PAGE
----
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The Independent Critic

Erika Heidewald, Ashley Allen, Katie Avers, Eric Bauer, Derek Heidewald, Meg Duell, Tim Fuson, Jeanette Heidewald
Andrew Berenger
Erika Heidewald
100 Mins.
Indie/Amazon Prime

 Indiana Made "Everyone I Knew and Loved" Moves Toward Indie Distribution 
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I never left. 

I watched my friends from high school and college leave the relative sanity of life in Indiana aiming for something bigger and better and less sane, but I myself have never even lived outside Indianapolis despite a brief flirtation with law school in Portland, Orego that ended with my ill-fated engagement to the woman of my dreams turned nightmare. 

Oh sure, I moved around. But, I never left. Heck, I even moved around colleges - University of Indianapolis, Indiana University, IUPUI, and finally Martin University. 

But I stayed. 

The Indiana made Everyone I Knew and Loved centers around Erika (Erika Heidewald), a young woman with bigger and better dreams than Indiana can satisfy and so after high school she heads off in search of music stardom in the Los Angeles music scene. Two years later, both dreams and spirit broken, Erika returns to her Bloomington, Indiana home only to discover that life has gone without her - mom is remarried, the boyfriend who was going to wait didn't, and the friends who were going to be friends forever have busied themselves with college. 

Everyone I Knew and Loved, I must admit, was rather adorably referred to The Independent Critic by Heidewald, who also serves as the film's screenwriter and producer. Mentioning my love for local film, which is true, and my embrace of such films as Garden State and Liberal Arts, Heidewald thought I might "get" the locally set, non-actor driven, and indie vibe of the ultra-low budgeted Everyone I Knew and Loved. 

Filmmakers take note - know where your sending your film. Heidewald was absolutely correct. While any decent film journalist can give an honest and fair review regardless of their faves or personal tendencies, you're never going to get a truly passionate review unless you pay attention to who gets to check out your film.

Now then, Everyone I Knew and Loved is a good film, a sort of Tiny Furniture with Hoosier hospitality tossed into the mix and Heidewald's Erika playing out as a sort of Lena Dunham type, mostly intended as a compliment here despite my own distaste for the Dunham shtick, and the world around her seemingly revolving around her even when it doesn't. 

First-time director Andrew Behringer seems to understand the inherent limitations of low-budget filmmaking and never jerks us out of the story by trying to accomplish more than one can accomplish in the world of microcinema. It's a solid first effort and I look forward to seeing what he does in the future.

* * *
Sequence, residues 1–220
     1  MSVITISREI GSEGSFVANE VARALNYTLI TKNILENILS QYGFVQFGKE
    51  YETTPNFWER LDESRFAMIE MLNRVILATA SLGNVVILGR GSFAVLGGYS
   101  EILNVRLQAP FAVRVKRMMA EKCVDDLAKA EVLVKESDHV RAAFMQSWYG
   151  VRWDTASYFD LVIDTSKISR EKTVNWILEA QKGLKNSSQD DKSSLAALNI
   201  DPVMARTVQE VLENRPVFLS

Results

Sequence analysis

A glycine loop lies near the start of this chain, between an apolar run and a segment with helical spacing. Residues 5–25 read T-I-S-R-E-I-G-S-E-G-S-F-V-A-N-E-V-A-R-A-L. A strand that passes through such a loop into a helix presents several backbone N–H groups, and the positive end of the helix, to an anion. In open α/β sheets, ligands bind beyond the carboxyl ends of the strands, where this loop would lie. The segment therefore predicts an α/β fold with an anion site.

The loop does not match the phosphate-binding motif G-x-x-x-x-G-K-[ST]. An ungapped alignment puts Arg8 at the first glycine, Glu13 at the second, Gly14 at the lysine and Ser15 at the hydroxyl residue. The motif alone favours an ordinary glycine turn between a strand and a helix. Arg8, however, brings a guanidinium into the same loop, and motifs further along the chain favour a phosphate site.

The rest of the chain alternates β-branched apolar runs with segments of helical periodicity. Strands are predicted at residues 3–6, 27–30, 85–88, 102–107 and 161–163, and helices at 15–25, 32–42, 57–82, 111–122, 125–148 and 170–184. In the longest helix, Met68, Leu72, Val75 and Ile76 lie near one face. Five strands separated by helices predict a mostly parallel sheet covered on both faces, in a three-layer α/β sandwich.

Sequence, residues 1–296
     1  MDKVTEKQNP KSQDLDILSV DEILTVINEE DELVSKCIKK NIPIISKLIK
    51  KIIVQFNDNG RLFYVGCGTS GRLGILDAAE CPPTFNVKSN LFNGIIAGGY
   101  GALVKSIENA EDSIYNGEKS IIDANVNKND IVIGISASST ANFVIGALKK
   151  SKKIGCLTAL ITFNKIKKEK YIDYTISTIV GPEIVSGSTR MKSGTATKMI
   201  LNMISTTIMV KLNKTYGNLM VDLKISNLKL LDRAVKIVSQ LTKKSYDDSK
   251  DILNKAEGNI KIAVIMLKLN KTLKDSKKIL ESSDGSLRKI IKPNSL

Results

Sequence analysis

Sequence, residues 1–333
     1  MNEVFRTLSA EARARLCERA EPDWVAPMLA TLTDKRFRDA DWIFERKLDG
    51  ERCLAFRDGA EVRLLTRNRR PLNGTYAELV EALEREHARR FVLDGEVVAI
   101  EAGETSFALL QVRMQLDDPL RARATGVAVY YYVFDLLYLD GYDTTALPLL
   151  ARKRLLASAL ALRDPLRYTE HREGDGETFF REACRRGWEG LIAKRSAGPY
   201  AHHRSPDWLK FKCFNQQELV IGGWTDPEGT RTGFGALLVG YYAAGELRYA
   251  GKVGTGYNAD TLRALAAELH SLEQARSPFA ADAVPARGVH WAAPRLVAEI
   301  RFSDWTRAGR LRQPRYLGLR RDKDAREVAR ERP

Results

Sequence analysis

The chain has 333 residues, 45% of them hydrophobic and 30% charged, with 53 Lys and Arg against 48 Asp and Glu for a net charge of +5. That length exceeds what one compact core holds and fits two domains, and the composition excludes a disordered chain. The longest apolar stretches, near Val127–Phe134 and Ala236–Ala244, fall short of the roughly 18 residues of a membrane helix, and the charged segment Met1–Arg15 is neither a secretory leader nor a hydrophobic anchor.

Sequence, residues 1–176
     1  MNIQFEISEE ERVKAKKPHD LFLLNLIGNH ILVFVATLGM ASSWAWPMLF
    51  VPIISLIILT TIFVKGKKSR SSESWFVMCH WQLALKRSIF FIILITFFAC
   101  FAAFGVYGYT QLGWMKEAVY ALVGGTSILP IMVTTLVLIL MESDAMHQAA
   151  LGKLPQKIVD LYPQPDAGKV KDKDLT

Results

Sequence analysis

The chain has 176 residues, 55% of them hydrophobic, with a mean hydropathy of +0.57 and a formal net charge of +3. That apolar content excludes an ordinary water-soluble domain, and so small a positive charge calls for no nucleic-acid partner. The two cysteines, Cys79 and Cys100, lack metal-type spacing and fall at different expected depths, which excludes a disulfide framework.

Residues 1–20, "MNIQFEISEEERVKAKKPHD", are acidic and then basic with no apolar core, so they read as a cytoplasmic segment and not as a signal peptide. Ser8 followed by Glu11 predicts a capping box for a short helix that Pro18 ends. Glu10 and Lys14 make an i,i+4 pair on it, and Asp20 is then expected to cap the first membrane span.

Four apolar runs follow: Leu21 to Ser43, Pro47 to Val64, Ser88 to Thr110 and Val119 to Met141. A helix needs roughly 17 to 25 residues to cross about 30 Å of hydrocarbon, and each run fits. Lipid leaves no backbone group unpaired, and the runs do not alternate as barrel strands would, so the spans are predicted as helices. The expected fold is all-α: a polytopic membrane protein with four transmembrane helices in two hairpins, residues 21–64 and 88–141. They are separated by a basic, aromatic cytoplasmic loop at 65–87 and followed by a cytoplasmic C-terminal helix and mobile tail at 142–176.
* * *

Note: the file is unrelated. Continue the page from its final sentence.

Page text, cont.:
The film was shot primarily in Bloomington with shots in L.A. and Indy noted and carries with it a light hazy aura of comfortable familiarity with sprinkles of longing throughout the film's 100-minute running time. Enveloped by Indiana musicians, the film's original music is vibrant, comfortable and yet feels right at home within the bones of an Indiana college town while the dialogue, much of it improvised, feels quietly authentic in both the unspoken intimacies and casualness of words being spoken between people who've known each other for their entire lives. 

Utilizing mostly actors from Heidewald's own family, Everyone I Knew and Loved is filled with those casual conversations that drive an introvert like me absolutely mad, though here they symbolize that safe place to which Erika returns and the kind of world we tend to believe we're going to find elsewhere when we fly the coop but we never really find it again. There are certain scenes that resonate deeply, an almost stunning scene between Erika and Jeanette Heidewald is almost aching and could almost be a Lady Bird outtake, while there are also scenes that leave you going "Okay, nice experiment. But, not quite." Fortunately, there are more of the former than the latter. 

Everyone I Knew and Loved, which was just released via Amazon and can be seen for free if you have Amazon Prime, is the kind of low-budget filmmaking that actually benefits from being a low-budget film. It's both an indie project and an Indy project and if you're from the Hoosier state you understand the difference. Centered around a low-key, endearing performance by Heidewald, Everyone I Knew and Loved may not make you long for your Indiana home but it may remind you why it never really left you. 

For more information on Everyone I Knew and Loved, visit the film's official Facebook page linked to in the credits and if you're an Amazon Prime member just click on one of The Independent Critic's banners and get on over and watch it for yourself.

© Written by Richard Propes
The Independent Critic